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Page Contents: When lust appears in psychotherapy.                    

 

I [’m a woman who] . . . started psychodynamic psychotherapy two years ago with a woman who I guess is in her early sixties. I’m training as a psychotherapist. . . . my strongest issue is having been brought up by a mother with deep depression who wasn’t emotionally there for her children. It took ages for a transference to develop. A year ago I started to develop a very positive transference. I started to trust my therapist more and work on deep issues but I also got the feeling that my therapist was trying to encourage an erotic transference—the way she looked at me, interrupted what I was talking about to focus on our connection. She said several times that the relationship went beyond the consulting room, that we both had each other on our minds, talked about our closeness and things of that sort. I began to get strong emotional and erotic feelings. . . . My response was of absolute devastation that after having told me several times that she thought about me outside the sessions. . . . I came to the conclusion that she had been lying to me all along in order to encourage the transference and felt totally manipulated. When I’ve told her how angry I was her replies have always been defensive—that . . . we could meet by chance in a shop or elsewhere etc. The result of it all is that my trust has gone. Not only has it gone and been replaced by anger but also by terror. I have had terrifying experiences when she has tried to come close again—the last one was last week. She said I had to trust her and that night I had nightmares and woke up with the feeling that someone could pull up the sheet over my head, put their hand on my face and smother me. It’s the feeling almost of a baby having been carelessly dropped by the mother and now every time the mother comes close the baby shrieks out that there’s no way she’s going to allow herself to be carried for fear of being dropped again. I have discussed all this with her several times but get defensive replies and feel she is brushing the issue aside, as if not understanding why I can’t just move on. At the same time I wish I could trust her; I need so much to be able to trust her but what comes up in my dreams and images is the total opposite. I no longer know how to work on this—if I talk about it again I know I’ll end up feeling upset and spend the rest of the day upset. It’s come to the point that from several things she has said, I have the feeling that she’s angry at me for not letting her be a successful therapist, for not trusting her. At the same time she has power over me, but a power that I have sometimes felt like a black hole that could swallow me up. The whole issue is wearing me down and wearing me out.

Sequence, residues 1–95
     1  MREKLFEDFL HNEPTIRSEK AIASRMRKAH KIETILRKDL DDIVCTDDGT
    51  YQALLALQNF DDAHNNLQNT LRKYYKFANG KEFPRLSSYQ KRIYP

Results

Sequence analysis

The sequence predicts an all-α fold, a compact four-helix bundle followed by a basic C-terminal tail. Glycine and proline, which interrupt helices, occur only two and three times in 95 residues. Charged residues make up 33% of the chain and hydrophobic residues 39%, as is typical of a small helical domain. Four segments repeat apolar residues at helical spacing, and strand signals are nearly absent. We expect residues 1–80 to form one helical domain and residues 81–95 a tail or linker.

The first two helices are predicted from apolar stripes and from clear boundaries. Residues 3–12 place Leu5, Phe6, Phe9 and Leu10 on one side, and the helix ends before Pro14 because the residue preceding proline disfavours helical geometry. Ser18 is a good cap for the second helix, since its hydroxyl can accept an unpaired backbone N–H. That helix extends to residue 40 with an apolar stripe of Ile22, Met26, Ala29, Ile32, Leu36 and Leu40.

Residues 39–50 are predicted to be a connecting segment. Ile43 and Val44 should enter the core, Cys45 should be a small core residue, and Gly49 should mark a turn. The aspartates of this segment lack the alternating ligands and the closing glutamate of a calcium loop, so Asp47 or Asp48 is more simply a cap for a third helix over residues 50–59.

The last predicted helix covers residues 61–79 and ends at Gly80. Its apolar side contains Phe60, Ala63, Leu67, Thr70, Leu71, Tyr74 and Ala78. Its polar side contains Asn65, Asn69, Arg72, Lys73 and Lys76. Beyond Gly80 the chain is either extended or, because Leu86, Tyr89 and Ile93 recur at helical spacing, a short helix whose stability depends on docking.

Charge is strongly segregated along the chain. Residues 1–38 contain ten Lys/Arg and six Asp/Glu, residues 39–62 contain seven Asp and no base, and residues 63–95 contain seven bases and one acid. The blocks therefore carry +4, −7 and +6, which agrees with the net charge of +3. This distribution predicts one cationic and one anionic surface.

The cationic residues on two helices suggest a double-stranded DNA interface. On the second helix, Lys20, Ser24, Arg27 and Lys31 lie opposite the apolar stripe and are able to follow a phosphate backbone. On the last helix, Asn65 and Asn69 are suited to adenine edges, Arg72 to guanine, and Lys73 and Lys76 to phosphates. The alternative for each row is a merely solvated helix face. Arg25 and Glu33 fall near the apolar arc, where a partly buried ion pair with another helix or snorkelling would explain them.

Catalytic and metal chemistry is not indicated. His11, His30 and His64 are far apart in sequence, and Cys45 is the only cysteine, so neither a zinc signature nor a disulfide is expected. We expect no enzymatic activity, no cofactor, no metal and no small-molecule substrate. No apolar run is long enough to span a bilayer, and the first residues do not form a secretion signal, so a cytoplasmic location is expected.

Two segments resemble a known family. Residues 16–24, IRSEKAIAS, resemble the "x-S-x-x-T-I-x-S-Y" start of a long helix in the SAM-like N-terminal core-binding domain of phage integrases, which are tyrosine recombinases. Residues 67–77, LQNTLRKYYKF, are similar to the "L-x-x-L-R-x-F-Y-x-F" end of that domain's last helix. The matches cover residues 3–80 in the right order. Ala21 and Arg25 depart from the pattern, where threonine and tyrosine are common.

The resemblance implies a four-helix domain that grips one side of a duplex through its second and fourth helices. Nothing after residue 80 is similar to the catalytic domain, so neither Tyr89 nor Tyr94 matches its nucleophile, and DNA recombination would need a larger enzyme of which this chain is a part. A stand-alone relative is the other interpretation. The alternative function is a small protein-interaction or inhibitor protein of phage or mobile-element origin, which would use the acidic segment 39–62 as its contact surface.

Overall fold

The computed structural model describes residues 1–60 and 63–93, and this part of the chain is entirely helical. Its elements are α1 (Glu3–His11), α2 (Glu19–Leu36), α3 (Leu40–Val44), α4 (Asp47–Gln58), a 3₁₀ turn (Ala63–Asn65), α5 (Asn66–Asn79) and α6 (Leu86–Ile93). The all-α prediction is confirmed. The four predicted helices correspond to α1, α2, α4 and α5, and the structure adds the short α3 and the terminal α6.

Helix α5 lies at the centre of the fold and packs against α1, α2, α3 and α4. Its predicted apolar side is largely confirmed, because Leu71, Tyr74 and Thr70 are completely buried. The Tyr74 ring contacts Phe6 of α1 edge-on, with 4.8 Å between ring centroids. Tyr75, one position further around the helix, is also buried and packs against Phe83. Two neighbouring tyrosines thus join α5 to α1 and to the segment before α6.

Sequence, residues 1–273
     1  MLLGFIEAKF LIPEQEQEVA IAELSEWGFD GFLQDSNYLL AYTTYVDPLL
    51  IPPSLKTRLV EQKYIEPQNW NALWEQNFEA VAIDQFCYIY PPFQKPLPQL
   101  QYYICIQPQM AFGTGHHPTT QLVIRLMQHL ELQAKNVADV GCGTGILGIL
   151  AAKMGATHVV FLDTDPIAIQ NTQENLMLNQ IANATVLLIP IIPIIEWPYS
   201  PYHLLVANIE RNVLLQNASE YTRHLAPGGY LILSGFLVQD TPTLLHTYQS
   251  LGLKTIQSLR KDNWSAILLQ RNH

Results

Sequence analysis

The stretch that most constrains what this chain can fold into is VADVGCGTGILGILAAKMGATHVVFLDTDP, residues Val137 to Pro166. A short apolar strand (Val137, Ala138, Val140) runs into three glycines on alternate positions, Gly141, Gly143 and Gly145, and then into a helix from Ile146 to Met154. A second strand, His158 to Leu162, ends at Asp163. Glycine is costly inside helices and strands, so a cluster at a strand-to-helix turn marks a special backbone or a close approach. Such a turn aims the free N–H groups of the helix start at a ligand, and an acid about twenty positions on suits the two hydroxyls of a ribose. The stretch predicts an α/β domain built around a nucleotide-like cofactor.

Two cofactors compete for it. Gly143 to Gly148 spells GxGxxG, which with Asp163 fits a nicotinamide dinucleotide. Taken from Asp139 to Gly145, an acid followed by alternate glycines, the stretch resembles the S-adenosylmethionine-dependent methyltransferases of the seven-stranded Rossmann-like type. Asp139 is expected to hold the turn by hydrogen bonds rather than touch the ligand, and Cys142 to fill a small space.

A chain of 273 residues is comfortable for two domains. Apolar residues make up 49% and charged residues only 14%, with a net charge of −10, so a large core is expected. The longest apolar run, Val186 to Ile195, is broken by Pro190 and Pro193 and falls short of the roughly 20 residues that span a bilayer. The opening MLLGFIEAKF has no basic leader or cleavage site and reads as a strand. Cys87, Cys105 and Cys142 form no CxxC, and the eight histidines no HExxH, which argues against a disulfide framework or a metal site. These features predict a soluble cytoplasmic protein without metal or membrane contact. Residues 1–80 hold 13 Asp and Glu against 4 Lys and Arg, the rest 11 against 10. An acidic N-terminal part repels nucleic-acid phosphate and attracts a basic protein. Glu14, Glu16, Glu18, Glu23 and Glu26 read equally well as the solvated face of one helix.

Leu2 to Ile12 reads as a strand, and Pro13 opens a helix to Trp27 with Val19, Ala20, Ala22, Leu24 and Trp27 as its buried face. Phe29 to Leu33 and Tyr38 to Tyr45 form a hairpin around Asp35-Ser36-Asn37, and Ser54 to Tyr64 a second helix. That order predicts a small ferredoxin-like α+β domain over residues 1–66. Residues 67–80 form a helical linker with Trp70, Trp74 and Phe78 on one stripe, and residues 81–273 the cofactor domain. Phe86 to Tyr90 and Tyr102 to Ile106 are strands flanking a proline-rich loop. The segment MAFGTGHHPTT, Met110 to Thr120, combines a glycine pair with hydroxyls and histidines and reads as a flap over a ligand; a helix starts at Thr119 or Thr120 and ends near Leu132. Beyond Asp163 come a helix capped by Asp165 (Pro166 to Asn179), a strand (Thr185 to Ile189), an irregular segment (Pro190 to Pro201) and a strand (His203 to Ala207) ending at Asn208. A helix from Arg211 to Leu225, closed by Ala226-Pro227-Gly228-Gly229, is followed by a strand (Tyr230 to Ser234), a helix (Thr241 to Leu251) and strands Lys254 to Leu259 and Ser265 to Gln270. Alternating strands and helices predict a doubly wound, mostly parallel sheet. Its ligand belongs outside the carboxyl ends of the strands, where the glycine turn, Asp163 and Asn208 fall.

When you were told “several times that the relationship went beyond the consulting room” you were being trained in lust, not in psychotherapy.

Your best recourse is to find a real psychotherapist who can help you understand your proclivity to being seduced, because that impulse to seduction is an unconscious way to hide your fears of real love.

It will also be important to resolve this issue so that you can make sure you don’t do the same thing to your own clients that this so-called “therapist” has done to you. Lust, after all, only degrades mental health; it has no healing properties.

So stay away from this woman the way that a bat that has just flown out of hell stays away from hell.

 


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Raymond Lloyd Richmond, Ph.D.
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